Monday, April 24, 2017

Using Autopsy Tool for Forensic Disk Analysis

Autopsy is a web based GUI interface for the Sleuthkit forensic investigation tool kit. It can be used for interesting forensic analysis works on images acquired from storage devices. In this blog post, I'm writing the basics steps to install and use Autopsy tool to analyze a disk image.

Since the usage of a real disk image taken from somebody's storage device raises privacy concerns, I'm preparing custom disk images by manually creating filesystems on binary files. So, first of all, let's create our testing disk image.

Creating a custom disk image:

(1) Creating a file of 500MB. 

  dd if=/dev/zero of=./mydisk.img bs=1M count=500

(2) Format the file with the FAT32 file system.

    sudo mkfs.vfat -F 32 mydisk.img

(3) Mount the filesystem.

    mkdir mount-point
  sudo mount mydisk.img ./mount-point/

(4) Create a text file and add some sample content.

    sudo touch mount-point/readme.txt
  sudo vim mount-point/readme.txt

    "This is just a text file for testing purposes."

(5) Now, delete the file you created.

    sudo rm mount-point/readme.txt

(6) Unmount the filesystem.

    sudo umount mount-point/

Using Autopsy tool for disk analysis:

It's time to analyse the disk image using Autopsy tool which is the GUI frontend for the Sleuthkit.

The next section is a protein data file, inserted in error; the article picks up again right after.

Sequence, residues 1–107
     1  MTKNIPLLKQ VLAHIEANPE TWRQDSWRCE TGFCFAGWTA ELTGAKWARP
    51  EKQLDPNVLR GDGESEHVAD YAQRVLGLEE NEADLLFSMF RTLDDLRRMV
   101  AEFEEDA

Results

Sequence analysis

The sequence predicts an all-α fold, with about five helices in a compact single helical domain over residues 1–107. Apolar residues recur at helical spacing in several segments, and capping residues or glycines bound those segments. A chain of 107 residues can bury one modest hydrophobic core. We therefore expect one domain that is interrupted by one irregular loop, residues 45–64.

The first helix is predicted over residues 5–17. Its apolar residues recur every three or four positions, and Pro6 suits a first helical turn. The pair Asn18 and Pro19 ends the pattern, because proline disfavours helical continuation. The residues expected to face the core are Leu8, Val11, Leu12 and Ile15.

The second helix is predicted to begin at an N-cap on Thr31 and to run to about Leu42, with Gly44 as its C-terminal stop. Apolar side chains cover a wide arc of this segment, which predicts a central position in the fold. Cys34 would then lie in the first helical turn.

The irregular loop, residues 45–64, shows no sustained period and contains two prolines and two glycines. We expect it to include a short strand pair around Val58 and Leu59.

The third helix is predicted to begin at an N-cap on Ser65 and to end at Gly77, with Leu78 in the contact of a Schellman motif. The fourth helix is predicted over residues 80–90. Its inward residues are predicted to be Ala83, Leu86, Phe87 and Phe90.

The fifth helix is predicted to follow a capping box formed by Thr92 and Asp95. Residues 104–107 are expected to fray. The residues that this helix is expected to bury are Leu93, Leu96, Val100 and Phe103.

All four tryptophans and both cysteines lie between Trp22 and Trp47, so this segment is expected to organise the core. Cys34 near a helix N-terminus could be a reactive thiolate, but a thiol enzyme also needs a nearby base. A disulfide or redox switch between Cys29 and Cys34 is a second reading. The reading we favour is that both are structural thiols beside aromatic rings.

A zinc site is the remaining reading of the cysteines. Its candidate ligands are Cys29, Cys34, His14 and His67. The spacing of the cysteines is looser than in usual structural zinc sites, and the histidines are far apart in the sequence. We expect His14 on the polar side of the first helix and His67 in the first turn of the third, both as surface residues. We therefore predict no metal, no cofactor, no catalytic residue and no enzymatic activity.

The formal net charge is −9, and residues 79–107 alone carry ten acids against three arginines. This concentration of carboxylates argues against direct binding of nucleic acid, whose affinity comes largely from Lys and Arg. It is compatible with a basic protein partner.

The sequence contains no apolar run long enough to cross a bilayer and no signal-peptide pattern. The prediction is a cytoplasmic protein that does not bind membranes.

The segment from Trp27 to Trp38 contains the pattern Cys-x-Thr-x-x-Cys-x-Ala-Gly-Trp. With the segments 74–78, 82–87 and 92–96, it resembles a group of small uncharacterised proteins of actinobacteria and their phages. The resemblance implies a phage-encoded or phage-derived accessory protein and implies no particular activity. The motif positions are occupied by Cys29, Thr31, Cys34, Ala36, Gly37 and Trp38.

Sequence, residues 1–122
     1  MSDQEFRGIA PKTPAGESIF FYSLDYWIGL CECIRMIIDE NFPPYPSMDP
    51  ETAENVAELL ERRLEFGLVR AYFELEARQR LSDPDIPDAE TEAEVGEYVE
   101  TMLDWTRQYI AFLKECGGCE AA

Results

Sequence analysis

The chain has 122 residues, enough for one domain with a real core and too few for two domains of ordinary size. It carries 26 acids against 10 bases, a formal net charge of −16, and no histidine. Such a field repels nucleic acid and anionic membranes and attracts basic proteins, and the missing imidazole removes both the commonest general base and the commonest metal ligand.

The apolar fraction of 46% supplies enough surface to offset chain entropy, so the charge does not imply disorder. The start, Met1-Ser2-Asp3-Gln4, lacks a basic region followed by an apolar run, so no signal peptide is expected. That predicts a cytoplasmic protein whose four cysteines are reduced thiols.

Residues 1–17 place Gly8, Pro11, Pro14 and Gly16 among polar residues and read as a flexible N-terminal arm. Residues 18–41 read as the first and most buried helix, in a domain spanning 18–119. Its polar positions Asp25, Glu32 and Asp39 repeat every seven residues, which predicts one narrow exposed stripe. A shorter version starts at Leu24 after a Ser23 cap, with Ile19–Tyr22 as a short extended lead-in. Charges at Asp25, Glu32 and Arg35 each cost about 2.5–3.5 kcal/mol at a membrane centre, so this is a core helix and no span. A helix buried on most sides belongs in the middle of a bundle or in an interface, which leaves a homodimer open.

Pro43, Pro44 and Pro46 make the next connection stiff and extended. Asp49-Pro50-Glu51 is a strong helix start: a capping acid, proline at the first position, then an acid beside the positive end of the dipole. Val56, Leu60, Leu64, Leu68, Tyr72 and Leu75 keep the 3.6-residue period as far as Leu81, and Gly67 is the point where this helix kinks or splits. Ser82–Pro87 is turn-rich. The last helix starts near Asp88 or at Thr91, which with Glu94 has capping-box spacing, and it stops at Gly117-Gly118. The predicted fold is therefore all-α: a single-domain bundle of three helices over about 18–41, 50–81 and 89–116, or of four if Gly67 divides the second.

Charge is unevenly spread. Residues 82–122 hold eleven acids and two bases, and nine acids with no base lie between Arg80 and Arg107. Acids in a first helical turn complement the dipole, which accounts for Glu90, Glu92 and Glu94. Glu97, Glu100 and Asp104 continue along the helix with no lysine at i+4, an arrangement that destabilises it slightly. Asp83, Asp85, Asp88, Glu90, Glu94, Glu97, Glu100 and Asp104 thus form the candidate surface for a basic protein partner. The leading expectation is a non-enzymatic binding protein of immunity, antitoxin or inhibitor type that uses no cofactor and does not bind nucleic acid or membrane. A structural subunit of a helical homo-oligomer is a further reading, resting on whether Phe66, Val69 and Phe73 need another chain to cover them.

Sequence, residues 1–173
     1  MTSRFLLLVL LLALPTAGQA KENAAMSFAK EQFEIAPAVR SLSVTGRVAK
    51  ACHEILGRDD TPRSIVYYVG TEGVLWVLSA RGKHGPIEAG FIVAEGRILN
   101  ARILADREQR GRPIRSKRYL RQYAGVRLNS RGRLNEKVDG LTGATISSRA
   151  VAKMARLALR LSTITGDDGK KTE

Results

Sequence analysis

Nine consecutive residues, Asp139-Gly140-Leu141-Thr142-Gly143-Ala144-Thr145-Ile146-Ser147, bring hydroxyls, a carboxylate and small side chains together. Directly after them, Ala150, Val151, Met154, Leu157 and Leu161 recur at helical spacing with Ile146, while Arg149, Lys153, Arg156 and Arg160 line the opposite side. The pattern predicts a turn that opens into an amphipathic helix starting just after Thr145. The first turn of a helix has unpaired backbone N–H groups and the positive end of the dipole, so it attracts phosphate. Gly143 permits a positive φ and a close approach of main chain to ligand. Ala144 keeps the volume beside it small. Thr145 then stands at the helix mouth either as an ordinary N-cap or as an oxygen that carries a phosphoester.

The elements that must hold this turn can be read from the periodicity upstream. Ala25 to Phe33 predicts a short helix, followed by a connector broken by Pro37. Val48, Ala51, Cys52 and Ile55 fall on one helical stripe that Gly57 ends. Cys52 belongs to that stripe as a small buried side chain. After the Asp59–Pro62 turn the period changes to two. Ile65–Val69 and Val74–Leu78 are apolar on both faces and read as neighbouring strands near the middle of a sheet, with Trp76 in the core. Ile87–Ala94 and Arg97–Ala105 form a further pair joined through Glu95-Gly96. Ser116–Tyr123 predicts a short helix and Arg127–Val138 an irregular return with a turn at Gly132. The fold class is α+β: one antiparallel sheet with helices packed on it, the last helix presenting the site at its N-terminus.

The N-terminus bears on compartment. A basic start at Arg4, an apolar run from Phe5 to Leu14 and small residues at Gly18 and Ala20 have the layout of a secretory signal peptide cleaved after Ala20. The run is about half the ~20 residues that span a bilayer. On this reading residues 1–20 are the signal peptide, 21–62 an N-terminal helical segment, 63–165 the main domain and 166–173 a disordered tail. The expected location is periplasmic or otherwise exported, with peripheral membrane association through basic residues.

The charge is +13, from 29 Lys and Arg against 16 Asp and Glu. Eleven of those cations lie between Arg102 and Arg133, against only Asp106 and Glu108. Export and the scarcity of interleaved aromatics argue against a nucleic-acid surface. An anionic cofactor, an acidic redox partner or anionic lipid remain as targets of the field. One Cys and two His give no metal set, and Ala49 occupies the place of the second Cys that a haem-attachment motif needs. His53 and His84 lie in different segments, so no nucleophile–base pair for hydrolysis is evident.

(1) Install Autopsy tool together with Sleuthkit on a Linux machine.

    sudo apt-get update
  sudo apt-get install autopsy

(2) Start Autopsy with root previleges.

    sudo autopsy

(3) Now, we can access the web interface using the following URL.


(4) Create a new case, a new host and finally give path to the above disk image. Once you reach the end of the creation of everything, you can see a button called "Analyze" in order to analyze the disk image.

(5) In this interface, click on the button for "File Analysis". Then you can see the files of the disk image. We can see our deleted text file in red color.

(6) In the above screen, you can see that there is a column called "META". Click the item of the deleted "readme.txt" file under this "META" column. Now you will see some meta data of the file.

(7) In the above screen, note that the file size is 47 bytes. Since the sector size of this disk image is 512 bytes, this file just resides in a single sector. That is the sector shown as "2038" in the above screenshot. Click on that sector number to view it.

 (8) On this new screen, we can view the content of the file in different formats such as ASCII and Hex.

(9) Click on the "Export Contents" button to export the deleted file and save it somewhere in your local storage.
It just saves as a raw file without the proper file extesion.

(10) We can check the file type of the exported file using various ways.

    file vol1-Sector2038.raw

(11) Let's rename the file to the correct file extension type.

    mv vol1-Sector2038.raw textfile.txt

(12) Finally, take a look at the file contents to see that is the file we created.

    cat textfile.txt

There are so many features in Autopsy tool which we can explore.




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